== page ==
Over decades of secrecy and solitude, Henry Darger worked obsessively at his art.
He toiled tirelessly across several mediums, but his masterpiece was an illustrated epic novel. Verbosely titled “The Story of the Vivian Girls in What Is Known as the Realms of the Unreal of the Glandeco-Angelinian War Storm Causes by the Child Slave Rebellion,” the entire document was over 15,000 pages long.
But despite dedicating his life to his art, it was never seen by anyone else until his death. It was only when he died, aged 79, that any of his work was discovered.
He also didn’t have any living relatives or friends. All of his belongings, including his opus of artistic works, fell by default to the ownership of his landlord, Nathan Lerner. On his deathbed, he told him to throw it all in the trash. However, Lerner was a photographer and instantly recognized its artistic value.
Lerner shared his pieces with the greater art world, which became similarly taken in by his work. He slowly accumulated a cult following, and today, a single original piece of his sells for more than $750,000.
Despite no formal training, Darger’s artistic ability is impressive. But that isn’t what has drawn so much attention to his work. Above anything, the fascination with Darger has to do with the unique motivational state behind his art. How could someone dedicate so much to art that he never wanted anyone to see, much less buy?
Darger and his artwork provide an interesting window into the science of motivation.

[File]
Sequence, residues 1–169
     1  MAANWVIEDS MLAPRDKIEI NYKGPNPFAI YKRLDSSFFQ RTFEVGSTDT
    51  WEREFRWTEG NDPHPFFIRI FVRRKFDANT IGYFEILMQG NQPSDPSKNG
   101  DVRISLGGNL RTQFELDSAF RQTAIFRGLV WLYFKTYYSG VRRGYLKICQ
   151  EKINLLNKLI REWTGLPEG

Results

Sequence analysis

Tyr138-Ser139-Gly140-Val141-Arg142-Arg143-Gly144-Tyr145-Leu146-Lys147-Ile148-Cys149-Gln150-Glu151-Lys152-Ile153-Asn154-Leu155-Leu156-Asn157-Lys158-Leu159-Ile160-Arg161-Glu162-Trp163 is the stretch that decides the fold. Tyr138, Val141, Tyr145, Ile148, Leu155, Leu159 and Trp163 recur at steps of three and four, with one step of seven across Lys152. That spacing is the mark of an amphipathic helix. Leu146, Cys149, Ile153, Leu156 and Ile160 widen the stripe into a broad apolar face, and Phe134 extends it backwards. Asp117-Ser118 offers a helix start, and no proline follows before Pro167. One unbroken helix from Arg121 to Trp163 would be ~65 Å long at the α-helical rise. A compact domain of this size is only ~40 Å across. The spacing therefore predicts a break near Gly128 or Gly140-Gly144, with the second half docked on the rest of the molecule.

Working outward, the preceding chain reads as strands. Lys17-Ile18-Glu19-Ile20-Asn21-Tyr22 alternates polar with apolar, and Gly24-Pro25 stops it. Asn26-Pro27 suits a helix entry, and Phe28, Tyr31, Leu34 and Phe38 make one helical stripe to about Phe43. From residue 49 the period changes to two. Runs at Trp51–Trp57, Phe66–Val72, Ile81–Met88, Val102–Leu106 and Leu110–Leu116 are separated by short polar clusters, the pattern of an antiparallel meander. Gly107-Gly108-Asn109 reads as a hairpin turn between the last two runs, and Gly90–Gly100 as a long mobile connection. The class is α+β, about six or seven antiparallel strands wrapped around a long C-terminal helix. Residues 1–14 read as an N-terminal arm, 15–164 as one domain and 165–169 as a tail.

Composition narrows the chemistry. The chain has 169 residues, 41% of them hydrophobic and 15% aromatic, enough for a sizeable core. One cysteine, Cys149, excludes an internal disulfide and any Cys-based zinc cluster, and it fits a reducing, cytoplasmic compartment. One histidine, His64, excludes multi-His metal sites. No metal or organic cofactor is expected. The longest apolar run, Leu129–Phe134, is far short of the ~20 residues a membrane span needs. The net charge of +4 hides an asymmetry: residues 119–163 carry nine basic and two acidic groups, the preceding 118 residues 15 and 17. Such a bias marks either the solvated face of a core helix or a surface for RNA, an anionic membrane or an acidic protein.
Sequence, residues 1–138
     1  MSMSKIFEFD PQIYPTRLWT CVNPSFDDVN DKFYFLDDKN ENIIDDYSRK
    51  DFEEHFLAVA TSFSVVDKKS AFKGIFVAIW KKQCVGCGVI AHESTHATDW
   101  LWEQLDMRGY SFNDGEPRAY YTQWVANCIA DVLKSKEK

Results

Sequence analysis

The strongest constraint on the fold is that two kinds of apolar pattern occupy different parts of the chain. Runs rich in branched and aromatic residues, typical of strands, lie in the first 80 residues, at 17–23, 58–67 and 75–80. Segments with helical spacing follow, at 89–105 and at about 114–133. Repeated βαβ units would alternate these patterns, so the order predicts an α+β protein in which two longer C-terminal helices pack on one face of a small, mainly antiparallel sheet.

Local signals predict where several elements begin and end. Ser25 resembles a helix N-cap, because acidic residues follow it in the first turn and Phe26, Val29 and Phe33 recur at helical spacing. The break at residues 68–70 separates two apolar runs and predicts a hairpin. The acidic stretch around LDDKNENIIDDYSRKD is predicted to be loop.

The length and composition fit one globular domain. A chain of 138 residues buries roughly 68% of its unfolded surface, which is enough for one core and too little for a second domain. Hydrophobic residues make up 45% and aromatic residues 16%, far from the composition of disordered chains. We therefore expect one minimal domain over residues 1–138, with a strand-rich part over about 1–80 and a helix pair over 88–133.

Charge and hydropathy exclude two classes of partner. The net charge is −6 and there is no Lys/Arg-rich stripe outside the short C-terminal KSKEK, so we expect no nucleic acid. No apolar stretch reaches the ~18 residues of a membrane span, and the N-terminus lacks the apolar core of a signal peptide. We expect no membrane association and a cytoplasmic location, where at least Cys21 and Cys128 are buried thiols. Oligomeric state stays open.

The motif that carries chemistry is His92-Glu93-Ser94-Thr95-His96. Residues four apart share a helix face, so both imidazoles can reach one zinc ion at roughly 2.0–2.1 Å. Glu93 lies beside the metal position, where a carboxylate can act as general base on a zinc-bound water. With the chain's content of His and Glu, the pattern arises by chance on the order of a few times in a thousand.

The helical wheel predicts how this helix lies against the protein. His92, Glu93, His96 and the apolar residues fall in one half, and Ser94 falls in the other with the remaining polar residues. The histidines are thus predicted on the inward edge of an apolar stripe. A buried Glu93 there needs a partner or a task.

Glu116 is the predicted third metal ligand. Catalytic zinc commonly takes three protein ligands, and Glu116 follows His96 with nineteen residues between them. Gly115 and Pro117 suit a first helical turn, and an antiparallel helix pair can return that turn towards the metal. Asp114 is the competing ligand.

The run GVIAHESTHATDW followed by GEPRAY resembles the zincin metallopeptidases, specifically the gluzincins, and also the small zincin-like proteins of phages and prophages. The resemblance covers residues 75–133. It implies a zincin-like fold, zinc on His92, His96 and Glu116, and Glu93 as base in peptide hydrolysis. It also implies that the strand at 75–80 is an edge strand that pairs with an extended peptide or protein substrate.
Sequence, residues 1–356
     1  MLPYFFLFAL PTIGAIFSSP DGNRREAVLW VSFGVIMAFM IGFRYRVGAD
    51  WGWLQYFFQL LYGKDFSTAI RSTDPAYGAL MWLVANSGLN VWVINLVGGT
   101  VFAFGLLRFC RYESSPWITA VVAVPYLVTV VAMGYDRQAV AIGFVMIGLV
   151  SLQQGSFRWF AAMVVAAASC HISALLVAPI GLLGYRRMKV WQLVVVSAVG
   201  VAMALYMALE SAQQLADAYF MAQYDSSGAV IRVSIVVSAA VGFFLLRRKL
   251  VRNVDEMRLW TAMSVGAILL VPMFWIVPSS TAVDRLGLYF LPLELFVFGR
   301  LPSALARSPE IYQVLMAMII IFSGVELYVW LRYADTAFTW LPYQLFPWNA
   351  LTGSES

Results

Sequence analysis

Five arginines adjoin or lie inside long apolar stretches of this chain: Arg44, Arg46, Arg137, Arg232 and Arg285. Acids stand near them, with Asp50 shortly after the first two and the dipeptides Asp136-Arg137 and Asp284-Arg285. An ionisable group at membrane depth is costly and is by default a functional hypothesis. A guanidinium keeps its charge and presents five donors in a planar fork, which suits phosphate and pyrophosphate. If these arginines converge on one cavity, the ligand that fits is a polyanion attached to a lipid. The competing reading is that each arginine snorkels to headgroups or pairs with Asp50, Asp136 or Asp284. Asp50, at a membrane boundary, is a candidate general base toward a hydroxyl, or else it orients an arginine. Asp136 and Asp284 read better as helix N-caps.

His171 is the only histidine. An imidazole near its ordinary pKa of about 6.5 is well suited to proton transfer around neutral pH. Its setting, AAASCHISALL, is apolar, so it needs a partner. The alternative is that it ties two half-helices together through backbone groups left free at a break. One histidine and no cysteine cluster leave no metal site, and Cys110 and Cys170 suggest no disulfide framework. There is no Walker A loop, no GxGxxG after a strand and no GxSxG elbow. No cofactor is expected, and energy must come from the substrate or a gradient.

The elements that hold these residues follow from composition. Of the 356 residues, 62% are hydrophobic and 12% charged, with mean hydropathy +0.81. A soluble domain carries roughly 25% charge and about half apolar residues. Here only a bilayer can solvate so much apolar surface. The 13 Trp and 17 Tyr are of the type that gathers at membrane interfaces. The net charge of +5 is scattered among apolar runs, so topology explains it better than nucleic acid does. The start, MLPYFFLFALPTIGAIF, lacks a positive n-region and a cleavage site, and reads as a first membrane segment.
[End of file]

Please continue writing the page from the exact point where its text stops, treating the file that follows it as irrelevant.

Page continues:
The Psychology of Intrinsic and Extrinsic Motivation
Motivation is complex. Let’s say we went for a run this morning. Why did we do it? Because it feels good? Because we want to be healthy? Because we simply go for a run every morning?
For any given behavior, our motivations for it fall into two general camps: extrinsic and intrinsic.
Intrinsic motivation is the drive that comes purely from within, without any ostensible external rewards. You do it because it’s inherently enjoyable, and not because of any anticipated reward, deadline, or outside pressure. This describes Henry Darger’s drive for art. He wasn’t trying to achieve anything with it: he wasn’t trying to build a following, win awards, or sell his creative output. Instead, his artwork was done for the act itself.
People who are intrinsically motivated to run do so because they simply love the act of running itself. It feels like an important part of your identity, and you love the act of it itself — regardless of anything that can come of it.
Intrinsic motivation is great. In art, sports, or otherwise, truly loving the behavior itself, will keep you going like nothing else.
But of course, that’s not always the case with everything we do. We might not love our jobs but we go to work anyway; we might not love running but we lace up our running shoes every morning. This is where extrinsic motivation comes in.
When you’re extrinsically motivated, you’re doing the behavior to gain an external reward. If you’re not a fan of your job, you’re still a fan of getting paid and so the salary serves as extrinsic motivation. If you’re training for a marathon, you’re trying to improve your speed and endurance. You could also be driven to maintain a personal streak of consecutive days running, or trying to compete with your friends for ‘most miles’ on a running app. All of these are extrinsic motivators. Turns out, beyond an activity, motivation can also be a product.